What the World Isn't Being Told about the Israeli-Lebanese Border Incident
Despite the careful “he said … she said” approach of the mainstream news media about the clash along the Lebanese-Israeli border this week, events are quite clear: Israeli Defense Forces (IDF) were deliberately ambushed by Lebanese Armed Forces (LAF).
In an outdoor press conference held at a lookout point above the Lebanese border where the incident occurred, Ilan Diksteyn, the deputy commander of the Israeli brigade, explained what happened. The IDF had notified the United Nations Interim Force in Lebanon (UNIFIL) of its intentions and complied with multiple requests to delay a routine job that should have started early in the morning and didn’t get going till midday.
According to Diksteyn, he had personally walked the border with the UNIFIL commander and identified all the trees and shrubs they intended to cut down, all approved of as being located on the Israeli side of the border by the UNIFIL commander. The key tree was some 200 meters from the Blue Line, so there was not the most remote possibility that Israel trespassed on Lebanese territory. The IDF even set out the crane without a man in it, just to demonstrate their intentions beforehand.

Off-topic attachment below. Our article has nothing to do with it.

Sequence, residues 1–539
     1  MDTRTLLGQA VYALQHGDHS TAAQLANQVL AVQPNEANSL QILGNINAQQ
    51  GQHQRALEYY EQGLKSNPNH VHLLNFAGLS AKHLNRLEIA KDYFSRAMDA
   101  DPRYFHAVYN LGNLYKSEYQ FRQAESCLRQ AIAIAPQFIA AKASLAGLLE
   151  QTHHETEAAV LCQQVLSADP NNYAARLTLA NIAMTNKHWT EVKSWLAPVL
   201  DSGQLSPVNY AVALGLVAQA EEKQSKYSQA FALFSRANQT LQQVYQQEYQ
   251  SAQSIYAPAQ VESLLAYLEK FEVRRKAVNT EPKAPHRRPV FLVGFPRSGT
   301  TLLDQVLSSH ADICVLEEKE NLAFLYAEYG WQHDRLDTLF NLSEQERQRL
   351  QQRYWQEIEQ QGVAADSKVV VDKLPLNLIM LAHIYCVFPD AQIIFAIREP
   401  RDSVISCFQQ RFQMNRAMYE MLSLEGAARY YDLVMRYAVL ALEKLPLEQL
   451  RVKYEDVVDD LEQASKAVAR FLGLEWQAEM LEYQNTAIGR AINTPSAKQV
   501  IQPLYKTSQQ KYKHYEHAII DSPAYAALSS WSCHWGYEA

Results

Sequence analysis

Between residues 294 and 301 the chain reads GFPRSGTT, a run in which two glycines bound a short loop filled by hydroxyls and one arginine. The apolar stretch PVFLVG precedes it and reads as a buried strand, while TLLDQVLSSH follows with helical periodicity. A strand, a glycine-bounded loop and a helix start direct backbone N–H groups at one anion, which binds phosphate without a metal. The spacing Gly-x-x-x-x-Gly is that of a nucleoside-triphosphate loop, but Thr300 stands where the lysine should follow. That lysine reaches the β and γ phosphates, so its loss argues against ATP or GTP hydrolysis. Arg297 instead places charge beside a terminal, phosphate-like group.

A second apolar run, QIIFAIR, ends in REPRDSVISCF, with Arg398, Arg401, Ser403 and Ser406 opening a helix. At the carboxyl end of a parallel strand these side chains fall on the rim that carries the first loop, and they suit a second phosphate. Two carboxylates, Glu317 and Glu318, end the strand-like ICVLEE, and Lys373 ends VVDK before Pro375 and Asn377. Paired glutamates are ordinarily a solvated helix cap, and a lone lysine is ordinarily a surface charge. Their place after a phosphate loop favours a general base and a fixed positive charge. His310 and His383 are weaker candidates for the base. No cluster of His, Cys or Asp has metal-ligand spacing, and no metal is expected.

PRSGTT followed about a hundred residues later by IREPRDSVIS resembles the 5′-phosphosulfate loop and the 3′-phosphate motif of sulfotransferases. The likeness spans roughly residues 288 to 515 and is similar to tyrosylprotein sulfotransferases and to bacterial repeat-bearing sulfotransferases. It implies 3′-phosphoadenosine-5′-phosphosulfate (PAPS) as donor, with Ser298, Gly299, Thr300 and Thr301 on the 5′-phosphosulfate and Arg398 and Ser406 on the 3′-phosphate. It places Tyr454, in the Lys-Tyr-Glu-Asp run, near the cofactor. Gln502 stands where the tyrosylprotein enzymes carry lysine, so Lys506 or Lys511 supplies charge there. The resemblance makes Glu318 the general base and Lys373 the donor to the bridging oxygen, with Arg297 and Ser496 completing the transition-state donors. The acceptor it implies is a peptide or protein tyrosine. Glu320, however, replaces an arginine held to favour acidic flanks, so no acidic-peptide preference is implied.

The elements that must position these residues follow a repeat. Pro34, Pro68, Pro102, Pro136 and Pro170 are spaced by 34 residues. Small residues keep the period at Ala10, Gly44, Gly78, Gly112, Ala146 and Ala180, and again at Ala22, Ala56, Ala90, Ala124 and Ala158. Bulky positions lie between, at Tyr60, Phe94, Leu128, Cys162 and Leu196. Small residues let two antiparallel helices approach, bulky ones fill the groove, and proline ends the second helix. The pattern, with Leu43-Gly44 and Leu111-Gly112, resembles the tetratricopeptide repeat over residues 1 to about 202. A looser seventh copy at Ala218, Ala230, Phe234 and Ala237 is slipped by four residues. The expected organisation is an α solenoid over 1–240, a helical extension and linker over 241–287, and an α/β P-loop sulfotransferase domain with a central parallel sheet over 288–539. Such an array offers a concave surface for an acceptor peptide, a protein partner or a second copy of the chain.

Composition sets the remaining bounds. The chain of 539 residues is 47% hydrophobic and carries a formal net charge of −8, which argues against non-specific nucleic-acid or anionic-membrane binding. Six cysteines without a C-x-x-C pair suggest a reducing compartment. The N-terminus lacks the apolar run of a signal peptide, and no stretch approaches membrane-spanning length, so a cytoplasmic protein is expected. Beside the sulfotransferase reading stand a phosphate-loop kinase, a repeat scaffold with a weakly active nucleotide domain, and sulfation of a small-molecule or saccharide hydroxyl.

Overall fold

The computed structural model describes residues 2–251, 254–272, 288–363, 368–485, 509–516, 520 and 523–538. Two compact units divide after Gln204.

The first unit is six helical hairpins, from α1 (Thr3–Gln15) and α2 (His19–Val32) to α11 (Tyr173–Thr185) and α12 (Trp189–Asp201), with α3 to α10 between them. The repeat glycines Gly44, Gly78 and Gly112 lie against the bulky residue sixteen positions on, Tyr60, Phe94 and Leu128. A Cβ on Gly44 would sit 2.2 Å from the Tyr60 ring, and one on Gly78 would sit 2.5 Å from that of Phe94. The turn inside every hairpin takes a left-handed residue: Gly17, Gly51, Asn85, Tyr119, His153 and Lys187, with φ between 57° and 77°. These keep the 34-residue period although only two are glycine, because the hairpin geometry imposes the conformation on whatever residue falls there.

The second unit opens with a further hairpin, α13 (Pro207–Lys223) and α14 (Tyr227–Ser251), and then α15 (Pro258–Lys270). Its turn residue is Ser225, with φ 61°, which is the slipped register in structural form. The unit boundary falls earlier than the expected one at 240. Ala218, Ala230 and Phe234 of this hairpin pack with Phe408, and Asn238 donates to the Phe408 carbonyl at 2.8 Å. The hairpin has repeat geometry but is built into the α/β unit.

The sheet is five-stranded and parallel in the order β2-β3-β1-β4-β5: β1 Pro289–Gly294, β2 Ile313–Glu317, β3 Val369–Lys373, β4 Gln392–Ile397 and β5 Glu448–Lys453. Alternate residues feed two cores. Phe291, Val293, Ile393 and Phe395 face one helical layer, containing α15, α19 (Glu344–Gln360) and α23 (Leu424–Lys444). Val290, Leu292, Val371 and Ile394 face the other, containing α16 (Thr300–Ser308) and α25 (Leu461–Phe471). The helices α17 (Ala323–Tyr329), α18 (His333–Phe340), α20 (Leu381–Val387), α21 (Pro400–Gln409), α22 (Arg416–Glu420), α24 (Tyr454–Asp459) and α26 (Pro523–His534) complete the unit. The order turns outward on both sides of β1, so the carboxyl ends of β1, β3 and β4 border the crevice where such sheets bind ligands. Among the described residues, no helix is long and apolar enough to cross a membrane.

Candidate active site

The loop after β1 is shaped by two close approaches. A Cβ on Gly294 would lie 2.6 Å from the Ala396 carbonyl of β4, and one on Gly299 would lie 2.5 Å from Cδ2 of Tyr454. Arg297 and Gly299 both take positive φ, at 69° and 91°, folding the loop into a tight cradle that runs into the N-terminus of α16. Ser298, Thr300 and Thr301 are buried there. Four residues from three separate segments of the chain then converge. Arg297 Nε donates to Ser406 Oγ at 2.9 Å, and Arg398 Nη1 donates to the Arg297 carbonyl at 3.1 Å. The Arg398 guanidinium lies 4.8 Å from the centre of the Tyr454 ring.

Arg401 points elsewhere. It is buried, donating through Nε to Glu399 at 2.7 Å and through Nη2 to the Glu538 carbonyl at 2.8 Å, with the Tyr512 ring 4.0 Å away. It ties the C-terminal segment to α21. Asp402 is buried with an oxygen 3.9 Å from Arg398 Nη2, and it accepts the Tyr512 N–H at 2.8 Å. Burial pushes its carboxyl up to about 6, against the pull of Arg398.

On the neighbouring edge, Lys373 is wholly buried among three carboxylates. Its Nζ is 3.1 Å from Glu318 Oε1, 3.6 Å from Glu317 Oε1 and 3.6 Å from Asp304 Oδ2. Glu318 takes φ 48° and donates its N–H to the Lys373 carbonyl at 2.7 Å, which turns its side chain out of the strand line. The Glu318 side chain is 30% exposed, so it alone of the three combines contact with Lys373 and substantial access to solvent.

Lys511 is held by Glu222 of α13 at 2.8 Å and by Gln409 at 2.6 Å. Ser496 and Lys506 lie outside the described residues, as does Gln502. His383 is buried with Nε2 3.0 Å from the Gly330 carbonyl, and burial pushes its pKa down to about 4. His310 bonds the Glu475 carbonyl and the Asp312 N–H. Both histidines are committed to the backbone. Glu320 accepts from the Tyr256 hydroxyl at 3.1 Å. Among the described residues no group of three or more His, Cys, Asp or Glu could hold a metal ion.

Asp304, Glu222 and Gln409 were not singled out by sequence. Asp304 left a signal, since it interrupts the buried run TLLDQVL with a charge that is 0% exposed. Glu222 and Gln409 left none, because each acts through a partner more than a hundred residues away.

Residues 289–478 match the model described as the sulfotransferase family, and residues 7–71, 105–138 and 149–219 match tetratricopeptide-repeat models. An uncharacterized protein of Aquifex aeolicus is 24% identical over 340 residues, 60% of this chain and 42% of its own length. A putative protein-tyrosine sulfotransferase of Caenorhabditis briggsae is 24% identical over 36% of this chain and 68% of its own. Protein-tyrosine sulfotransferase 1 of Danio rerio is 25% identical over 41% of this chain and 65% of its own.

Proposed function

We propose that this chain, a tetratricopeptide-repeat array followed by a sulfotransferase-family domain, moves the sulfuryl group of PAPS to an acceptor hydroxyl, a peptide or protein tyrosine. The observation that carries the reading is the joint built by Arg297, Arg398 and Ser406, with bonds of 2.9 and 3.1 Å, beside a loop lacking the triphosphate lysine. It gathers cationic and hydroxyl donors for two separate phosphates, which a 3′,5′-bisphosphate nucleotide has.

But no sooner did they put a man in the unit and lift him over the fence than a sniper shot and killed the commanding officer of the unit who was away from the border and observing from a distance. Despite claiming they fired first in the air, and that Israel initiated the hostilities, an LAF spokesman eventually asserted their right "to defend Lebanon's sovereignty.”
The Israelis claim this was an ambush by units of the Lebanese Armed Forces. And as such, this was an unprecedented new level of aggression. Even the normally cautious UNIFIL, which the previous day had restricted itself to calling for calm and announcing its intention to investigate, eventually -- and exceptionally -- sided with Israel’s claim that the tree was on their side of the border. Even the Lebanese admit they carried out an ambush.
Of course, for UNIFIL to do so means that Israel had to be unquestionably and irrefutably in the right -- “2-300 meters away,” the Israeli officer claimed. Otherwise the UN troops, which operate on the Lebanese side of the border and are subject to constant harassment by Hezbollah, would have found some way to equivocate if not prevaricate. After all, in violation of UN Resolution 1701, which the UNIFIL forces have been deployed to enforce, Hezbollah has managed to rearm and reoccupy the southern border. Indeed, pictures of UNIFIL troops standing side by side with heavily armed LAF troops suggest that the efforts to prevent a clash consisted primarily in getting the Israelis not to do what they had a right to do, rather than preventing the Lebanese from doing what they had no right to do.